Aviva to merge three insurance arms in the UK
Life and pensions giant Aviva is merging its UK insurance businesses as part of a shake-up that has sparked the departure of its European boss. The group said Andy Briggs will be promoted from head of its UK life business to chief executive of the merged insurance division, covering life, general and health insurance.
Aviva's restructure will also see Maurice Tulloch – currently executive chairman of global general insurance - become chief executive of international insurance, heading up the group's insurance operations in France, Canada, Ireland, Spain, Italy, Poland, Turkey and India.
The firm's European boss, David McMillan, who is also chairman of its global health insurance division, has decided to quit as a result of the changes, Aviva added.
Aviva Investors, Aviva Asia and the group's digital businesses will remain unchanged under the overhaul.
The moves come as Aviva is making a digital push to offer a range of life and general insurance products online. It has also been pulling out of some overseas markets in recent years. A spokesman for Aviva said there is “no news on jobs today” following the decision to merge its three insurance arms in the UK.
The three divisions each have offices and call centres across the UK. Group chief executive Mark Wilson insisted the firm was “growing in the UK”.
Strongbow reaches deal to explore for lithium in Cornwall
British company Cornish Lithium said on Thursday it had reached a mineral rights agreement with Canada’s Strongbow Exploration to explore for lithium in Cornwall, southwest England, stoking hopes for a British mining revival.
Cornwall historically was a mining hub for metals such as tin and copper and the British government is keen to resurrect the industry as it seeks to bolster the economy against the shock of leaving the European Union.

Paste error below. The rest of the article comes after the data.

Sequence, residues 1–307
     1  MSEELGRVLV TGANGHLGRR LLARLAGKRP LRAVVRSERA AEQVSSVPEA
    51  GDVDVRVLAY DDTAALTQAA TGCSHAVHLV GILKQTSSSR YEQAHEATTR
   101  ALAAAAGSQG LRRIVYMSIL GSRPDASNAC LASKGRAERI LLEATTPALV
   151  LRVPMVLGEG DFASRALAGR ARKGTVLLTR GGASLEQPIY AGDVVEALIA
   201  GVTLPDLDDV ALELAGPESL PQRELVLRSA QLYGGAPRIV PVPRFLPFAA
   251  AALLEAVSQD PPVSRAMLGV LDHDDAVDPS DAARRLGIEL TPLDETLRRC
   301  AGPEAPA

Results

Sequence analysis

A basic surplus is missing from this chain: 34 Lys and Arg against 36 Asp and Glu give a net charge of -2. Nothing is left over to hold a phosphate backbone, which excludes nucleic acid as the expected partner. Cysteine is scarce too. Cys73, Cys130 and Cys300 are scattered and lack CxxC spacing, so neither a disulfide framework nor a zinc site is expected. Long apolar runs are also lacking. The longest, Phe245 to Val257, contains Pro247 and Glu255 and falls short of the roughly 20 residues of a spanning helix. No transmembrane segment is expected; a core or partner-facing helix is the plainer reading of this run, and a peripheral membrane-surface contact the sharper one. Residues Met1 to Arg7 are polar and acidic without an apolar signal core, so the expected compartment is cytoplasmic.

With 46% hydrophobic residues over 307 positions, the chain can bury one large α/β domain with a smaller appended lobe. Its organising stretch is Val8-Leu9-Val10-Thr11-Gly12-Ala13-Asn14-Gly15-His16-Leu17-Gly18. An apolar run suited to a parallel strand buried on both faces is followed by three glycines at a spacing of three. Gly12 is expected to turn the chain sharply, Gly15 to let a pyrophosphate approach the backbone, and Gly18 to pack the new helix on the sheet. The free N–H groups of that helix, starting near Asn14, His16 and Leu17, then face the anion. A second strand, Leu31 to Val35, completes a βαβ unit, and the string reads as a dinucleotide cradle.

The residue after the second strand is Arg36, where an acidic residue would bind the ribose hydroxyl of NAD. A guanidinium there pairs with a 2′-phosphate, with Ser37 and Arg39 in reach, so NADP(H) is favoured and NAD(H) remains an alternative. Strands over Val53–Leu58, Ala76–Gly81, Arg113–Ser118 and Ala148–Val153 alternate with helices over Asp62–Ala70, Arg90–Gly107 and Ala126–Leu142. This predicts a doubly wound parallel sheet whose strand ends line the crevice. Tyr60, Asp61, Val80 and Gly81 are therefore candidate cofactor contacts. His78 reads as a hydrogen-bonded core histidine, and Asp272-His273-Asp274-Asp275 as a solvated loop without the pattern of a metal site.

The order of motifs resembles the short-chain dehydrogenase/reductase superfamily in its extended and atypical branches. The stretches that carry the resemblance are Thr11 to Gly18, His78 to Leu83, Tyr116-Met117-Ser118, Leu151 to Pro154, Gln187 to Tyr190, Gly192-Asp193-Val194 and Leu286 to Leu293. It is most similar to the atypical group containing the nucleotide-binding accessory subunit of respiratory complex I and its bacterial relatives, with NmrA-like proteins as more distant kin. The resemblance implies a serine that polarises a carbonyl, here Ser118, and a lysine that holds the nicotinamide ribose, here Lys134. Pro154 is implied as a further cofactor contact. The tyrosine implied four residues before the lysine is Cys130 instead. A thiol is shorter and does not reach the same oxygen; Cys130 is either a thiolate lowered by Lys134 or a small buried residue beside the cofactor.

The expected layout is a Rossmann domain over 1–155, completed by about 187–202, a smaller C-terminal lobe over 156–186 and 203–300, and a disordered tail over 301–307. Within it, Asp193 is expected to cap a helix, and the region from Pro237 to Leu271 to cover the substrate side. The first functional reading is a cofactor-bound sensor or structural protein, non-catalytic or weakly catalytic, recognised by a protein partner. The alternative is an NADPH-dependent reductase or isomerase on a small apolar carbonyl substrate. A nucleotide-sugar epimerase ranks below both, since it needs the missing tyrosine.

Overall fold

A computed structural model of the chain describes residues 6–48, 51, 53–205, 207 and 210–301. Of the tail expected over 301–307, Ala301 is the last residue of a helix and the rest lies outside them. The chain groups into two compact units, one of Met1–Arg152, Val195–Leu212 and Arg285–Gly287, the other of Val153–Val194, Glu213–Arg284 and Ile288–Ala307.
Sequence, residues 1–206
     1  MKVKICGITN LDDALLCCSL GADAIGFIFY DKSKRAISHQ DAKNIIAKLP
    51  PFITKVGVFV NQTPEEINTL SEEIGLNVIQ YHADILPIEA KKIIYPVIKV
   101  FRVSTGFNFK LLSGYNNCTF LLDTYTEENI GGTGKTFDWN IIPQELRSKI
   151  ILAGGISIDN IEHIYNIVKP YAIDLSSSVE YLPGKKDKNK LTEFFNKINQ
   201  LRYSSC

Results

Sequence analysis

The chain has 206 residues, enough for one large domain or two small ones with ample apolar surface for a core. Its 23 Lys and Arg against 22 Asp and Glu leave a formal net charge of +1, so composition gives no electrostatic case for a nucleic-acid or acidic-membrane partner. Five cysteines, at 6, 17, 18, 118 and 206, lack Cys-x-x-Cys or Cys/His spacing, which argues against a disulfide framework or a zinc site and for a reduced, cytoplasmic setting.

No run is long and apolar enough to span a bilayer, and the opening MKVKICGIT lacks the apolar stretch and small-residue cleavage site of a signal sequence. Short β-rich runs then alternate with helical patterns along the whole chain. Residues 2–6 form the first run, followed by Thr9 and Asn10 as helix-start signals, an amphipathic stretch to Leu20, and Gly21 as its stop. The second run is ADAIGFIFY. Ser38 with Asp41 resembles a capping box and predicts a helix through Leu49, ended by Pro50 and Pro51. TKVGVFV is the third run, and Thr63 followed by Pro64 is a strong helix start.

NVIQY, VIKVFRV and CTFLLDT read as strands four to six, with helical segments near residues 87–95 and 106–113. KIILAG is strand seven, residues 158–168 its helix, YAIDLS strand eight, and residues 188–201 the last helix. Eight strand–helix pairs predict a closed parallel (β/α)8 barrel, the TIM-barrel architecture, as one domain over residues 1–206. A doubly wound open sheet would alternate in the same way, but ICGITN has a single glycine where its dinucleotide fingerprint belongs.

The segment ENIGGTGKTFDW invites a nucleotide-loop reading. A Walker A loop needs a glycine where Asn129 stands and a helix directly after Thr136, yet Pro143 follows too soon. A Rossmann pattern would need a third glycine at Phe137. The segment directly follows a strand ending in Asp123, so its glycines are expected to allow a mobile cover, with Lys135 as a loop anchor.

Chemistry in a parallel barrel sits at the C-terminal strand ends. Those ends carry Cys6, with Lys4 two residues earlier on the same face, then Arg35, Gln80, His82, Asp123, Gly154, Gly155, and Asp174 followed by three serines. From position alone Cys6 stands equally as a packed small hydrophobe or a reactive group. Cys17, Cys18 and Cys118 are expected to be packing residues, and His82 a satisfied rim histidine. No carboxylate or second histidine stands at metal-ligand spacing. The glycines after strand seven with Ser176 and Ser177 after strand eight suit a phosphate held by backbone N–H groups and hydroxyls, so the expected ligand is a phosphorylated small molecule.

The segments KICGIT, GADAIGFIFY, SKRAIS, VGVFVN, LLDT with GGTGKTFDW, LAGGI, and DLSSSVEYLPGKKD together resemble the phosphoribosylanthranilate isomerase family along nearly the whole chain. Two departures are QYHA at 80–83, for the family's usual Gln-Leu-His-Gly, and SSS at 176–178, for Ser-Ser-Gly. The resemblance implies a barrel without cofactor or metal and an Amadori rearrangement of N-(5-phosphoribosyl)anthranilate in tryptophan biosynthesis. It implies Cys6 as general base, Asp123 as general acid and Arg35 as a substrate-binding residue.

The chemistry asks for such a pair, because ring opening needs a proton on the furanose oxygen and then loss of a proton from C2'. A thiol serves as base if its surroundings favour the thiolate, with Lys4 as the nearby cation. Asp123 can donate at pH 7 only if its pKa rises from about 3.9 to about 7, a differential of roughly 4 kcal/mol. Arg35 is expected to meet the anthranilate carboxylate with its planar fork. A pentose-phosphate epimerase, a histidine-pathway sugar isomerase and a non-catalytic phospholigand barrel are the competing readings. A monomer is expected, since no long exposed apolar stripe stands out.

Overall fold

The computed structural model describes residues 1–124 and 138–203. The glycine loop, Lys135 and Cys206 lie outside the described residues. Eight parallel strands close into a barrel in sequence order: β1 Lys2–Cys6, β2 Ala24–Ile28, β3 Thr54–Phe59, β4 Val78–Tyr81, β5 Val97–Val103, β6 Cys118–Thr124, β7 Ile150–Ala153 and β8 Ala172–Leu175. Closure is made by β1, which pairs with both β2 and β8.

Cornish Lithium said new technology offered the potential to extract lithium from underground hot springs and to supply products to the rapidly growing battery market for electric cars and for power storage.
“We believe the potential benefits of developing a lithium industry in Cornwall will be significant for the county and for the UK as a whole,” Cornish Lithium chief executive Jeremy Wrathall, a mining engineer who graduated from Camborne School of Mines in Cornwall. He also works at Investec bank.
“It will be the largest exploration programme ever carried out in Cornwall's history,” he told Reuters by telephone.
Wrathall said it would be at least five years before lithium could be produced and he could not yet predict volumes.
Cornish Lithium’s next step is to secure funding. It foresees spending £5m) in the exploration phase.
The British government, which is also anxious to maintain a car industry in Britain, has defined lithium, most of which comes from South America, Australia and China, as a metal of strategic importance.
Halfords motors on with 5.9% sales hike over festive period
Halfords has reported a robust set of results for the festive period, with the bicycles to car parts chain planning to motor on after acquiring a minority stake in a mobile tyre-fitting business.
The retailer reported a 5.9 per cent jump in like-for-like sales in the third quarter, which includes the critical Christmas trading period. Total sales rose 11.4 per cent in the 15 weeks to 13 January.
The firm also announced it has splashed out £8m on a minority holding in TyresOnTheDrive.com as part of plans to trial a “mobile delivery proposition for its motoring services”.
Boss Jill McDonald said: “I am very pleased with the strong sales performance across our business in the important third quarter of the year.
“We continue to make good progress implementing our 'Moving up a Gear' strategy which will enable us to capitalise on the long-term growth opportunities in our markets.”
Retail like-for-like sales rose 7 per cent, motoring was up 6.8 per cent and cycling revenue increased 7.4 per cent in the period. The only blot was a 0.6 per cent dip at its autocentres arm.
Halfords said its board has approved a special dividend of 10p per share, totalling about £20 m.
Last year the retailer said it had been stung by the collapse in the value of the pound, which contributed to profits slumping 16 per cent in the first half of the year.